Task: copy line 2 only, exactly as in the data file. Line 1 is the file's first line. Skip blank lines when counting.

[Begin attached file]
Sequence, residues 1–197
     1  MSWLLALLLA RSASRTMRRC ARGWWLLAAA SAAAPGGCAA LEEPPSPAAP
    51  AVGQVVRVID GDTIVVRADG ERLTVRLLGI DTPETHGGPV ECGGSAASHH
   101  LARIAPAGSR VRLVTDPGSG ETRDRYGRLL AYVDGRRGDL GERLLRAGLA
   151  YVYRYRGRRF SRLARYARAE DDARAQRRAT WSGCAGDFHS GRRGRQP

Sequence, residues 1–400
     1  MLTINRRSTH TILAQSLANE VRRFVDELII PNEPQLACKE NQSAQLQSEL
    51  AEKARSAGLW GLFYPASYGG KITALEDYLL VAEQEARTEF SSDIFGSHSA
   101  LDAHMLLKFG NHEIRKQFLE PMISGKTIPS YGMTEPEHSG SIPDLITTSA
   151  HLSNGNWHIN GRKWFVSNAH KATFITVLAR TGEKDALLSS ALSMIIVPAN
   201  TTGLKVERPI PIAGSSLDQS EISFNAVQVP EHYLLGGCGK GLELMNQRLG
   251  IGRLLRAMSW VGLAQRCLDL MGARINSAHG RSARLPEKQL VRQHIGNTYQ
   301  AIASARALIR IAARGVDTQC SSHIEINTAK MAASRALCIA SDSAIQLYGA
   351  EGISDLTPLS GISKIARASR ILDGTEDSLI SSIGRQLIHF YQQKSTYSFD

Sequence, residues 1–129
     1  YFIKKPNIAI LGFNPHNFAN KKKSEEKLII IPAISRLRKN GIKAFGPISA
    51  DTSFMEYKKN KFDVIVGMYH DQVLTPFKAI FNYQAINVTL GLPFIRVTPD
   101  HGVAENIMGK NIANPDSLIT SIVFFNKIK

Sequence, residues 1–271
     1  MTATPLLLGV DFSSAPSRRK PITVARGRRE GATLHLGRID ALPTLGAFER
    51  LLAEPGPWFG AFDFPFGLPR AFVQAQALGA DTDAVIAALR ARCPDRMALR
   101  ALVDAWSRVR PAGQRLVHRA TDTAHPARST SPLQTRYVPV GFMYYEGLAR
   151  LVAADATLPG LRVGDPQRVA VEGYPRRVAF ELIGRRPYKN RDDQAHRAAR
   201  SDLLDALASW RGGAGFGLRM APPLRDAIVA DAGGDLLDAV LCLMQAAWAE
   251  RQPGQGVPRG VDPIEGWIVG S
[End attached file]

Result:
     1  MSWLLALLLA RSASRTMRRC ARGWWLLAAA SAAAPGGCAA LEEPPSPAAP